In the last decade or so there have been a number of books written, and practices proposed, on how to sell enterprise software. It probably started with the grand-father of business sales techniques, the SPIN methodology. I went through that technique in order to sell a data warehousing solution. (SPIN was an acronym for Situation, Problem, Implication, Need-payoff).
Since then, I have been introduced to the approach of solution selling, mainly because Microsoft adopted that process, and more recently Jeff Thull’s books – The Prime Solution, and Mastering the Complex Sale – which I believe are a more realistic methodology for understanding how to sell complex products like enterprise software.
All these approaches seem to have one central assumption, that selling complex business applications is the same where ever you are. But arising from the sales discussions at SYSPRO’s international executive conference, I came to believe that there is no standard way of selling throughout the world, and that different cultural perceptions and expectations play a large part in the process of how enterprise software is sold.
Three brief examples:
- In the UK, business software buyers seem to have arrived at a standard perception of the price per seat at which certain types software should be licenced. So talking about value of a product is waste if your price per seat is higher than the generally-accepted price.
- The concept of not devaluing your product in the initial sales encounter seems to have gone out of the window in the US, where even the ERP mega-vendors are coming in at the early sales stage with significant discounts.
- In Australia, where large trans-continental distances between a company’s customers and suppliers are common, it is not necessarily the whole product that has value, but certain functionality, like SYSPRO’s Landed Cost Tracking, has a much higher premium in terms of customer need than other countries.
It seemed like the only aspect that everyone was prepared to agree on is that people still buy from people.
A few days ago I was privileged to be included in a conference that SYSPRO held for all its international executives and senior managers. The title of the conference was ‘Future Focus’, as the conference was primarily around the company’s future strategy, and as SYSPRO CEO and founder Phil Duff pointed out, the key to making strategy work is focus.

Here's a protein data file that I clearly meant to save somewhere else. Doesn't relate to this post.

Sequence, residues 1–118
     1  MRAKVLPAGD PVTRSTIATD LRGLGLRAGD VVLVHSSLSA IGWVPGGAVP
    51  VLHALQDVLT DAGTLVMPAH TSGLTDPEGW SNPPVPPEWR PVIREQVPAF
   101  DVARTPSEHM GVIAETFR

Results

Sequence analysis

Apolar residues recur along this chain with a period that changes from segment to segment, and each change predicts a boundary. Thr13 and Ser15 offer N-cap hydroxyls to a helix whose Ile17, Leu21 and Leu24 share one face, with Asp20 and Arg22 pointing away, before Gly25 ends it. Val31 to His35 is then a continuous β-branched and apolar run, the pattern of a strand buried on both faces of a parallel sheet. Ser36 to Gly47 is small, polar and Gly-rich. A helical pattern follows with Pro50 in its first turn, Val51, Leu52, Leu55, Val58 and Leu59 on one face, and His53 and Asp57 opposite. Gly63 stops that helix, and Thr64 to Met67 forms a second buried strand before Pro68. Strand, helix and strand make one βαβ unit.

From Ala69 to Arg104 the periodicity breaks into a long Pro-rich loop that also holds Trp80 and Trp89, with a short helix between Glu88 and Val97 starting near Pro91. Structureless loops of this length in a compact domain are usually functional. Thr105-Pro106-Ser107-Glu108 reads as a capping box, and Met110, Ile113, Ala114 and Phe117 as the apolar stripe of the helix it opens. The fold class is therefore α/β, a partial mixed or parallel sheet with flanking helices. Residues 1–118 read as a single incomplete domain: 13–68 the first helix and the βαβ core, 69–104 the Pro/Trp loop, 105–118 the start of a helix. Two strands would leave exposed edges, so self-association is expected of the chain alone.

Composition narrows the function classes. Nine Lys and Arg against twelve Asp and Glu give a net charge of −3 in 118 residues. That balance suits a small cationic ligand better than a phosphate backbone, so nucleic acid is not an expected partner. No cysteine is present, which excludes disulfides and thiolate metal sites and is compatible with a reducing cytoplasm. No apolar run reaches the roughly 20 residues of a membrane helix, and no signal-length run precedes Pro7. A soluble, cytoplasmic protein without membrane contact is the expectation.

The conference took place over several days and in two locations around Cape Town. Initially, the sales and marketing people were at a hotel in Milnerton; then everyone came together in the Franschoek valley, about an hour out of Cape Town. I stayed at the stunning ‘Le Franschoek‘ hotel.
Here are some of my photos.
If you want details about the actual conference, check the official SYSPRO blog – I’m sure there will be something there shortly.
Finally, a photo of some of the people I work with.
Part 2 of a series on enterprise information systems
Building a house on a solid foundationThis blog has been cross-posted on the SYSPRO corporate blog.
You can hardly miss it these days: questions about why Enterprise Resource Planning (ERP) projects hit problems, or worse fail, are appearing on many websites. I have seen many ERP implementations and thought I had some answers, but it was only after I had been involved in building a house that I could see the similarities between building projects and ERP implementations, and why we don’t see buildings collapsing in the same ways some ERP projects fail.
Eric Kimberling’s Panorama Group identified this similarity at the same time I was building the house. The critical requirement for construction is the blueprint; the drawings of what the house will look like, what its parts will be and how it will be constructed.
The problem with projects, especially complex ones (like a house or an ERP project), is how to communicate the varied components, interactions, hierarchies and responsibilities to all parties concerned. You need a representation that will capture all these elements in a way that is clear and easy to understand, even if you are not a professional in the field. This will ensure that the various parties involved can achieve alignment in terms of common understanding of business needs and technology capabilities.